Aquacultured Seahorses

How is it that aquaculture is not doing more harm than good to the seahorse populations in the wild?

Q. How is it that aquaculture is not doing more harm than good to the seahorse populations in the wild? I have heard that aquaculture operations take so many pregnant males from the wild that they can deplete the wild seahorses faster than any collectors.
Thanks, Kao

A. This is a concern that many people had a few years ago when the first farmed seahorses became available on the market. It is a legitimate question that deserves a good answer. Before the seahorse became an endangered species it was possible for anyone to buy or collect as many wild-caught seahorses as they could find. A breeder could collect wild gravid (pregnant males) and simply rear the offspring without ever having to set up a breeding program, especially if they were located in a place where it was easy to collect the adults from the wild. This kind of a practice is not considered to be a good aquaculture practice and I would never endorse the practice. If an aquaculture operation does undertake this kind of practice they are causing harm to the wild population and this should not be allowed. Of course now that the seahorse is listed as an endangered species and protected by the international CITES act, I doubt any operation would dare to do such a thing. If they are doing this I would suggest that you not buy from them.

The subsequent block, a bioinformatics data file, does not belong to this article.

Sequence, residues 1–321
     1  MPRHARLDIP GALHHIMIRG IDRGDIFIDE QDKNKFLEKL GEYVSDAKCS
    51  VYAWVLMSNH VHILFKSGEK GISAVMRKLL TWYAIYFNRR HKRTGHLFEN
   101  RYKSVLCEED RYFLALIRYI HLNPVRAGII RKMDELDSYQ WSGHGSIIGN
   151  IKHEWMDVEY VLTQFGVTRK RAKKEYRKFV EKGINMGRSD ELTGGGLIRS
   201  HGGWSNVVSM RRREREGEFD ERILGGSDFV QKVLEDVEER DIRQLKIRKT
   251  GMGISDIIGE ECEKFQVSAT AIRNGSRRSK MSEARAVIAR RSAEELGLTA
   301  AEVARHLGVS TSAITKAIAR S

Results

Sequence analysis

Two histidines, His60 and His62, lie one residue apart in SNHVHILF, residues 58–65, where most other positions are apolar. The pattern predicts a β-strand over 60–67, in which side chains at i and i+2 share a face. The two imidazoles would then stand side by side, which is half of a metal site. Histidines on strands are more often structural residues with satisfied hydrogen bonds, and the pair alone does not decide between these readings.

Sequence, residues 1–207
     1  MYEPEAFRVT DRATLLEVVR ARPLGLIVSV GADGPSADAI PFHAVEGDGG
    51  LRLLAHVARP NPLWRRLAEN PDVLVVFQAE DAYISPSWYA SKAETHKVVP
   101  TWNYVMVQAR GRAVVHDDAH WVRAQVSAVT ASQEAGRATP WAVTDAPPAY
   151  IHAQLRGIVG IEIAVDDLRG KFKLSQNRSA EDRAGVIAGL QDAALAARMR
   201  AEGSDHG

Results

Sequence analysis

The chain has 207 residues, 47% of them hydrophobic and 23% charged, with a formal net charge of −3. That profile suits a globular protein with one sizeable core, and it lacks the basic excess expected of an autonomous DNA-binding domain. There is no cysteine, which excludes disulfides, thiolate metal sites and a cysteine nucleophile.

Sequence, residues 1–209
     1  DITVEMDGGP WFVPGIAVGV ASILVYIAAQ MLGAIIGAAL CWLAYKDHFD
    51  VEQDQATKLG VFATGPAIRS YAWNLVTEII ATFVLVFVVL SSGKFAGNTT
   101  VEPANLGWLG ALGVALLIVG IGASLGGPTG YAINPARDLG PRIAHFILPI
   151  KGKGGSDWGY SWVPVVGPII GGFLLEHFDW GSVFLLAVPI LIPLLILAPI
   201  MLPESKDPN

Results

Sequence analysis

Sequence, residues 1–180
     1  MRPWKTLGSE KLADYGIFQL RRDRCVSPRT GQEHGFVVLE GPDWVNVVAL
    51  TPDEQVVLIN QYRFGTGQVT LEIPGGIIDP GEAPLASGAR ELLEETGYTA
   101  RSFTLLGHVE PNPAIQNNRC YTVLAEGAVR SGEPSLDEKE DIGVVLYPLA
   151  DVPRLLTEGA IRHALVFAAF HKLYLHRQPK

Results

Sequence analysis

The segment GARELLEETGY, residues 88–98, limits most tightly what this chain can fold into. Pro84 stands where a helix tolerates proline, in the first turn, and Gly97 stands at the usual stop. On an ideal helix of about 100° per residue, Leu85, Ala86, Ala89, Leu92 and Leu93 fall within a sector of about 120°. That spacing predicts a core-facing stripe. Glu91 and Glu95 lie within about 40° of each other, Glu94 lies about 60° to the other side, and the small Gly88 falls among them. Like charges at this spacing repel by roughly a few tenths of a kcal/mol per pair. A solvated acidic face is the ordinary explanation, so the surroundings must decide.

But even before the seahorse was protected by CITES it was simply not a good aquaculture practice to repeatedly take pregnant males from the wild. Any decent aquaculture operation will invest a lot of money and time into a modern breeding program that only allows collection from the wild once. If you are concerned about the origin of the broodstock (breeding adults) that are the parents of your seahorses, ask your supplier. They should be happy to explain!

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Article Categories:
Fish · Saltwater Fish

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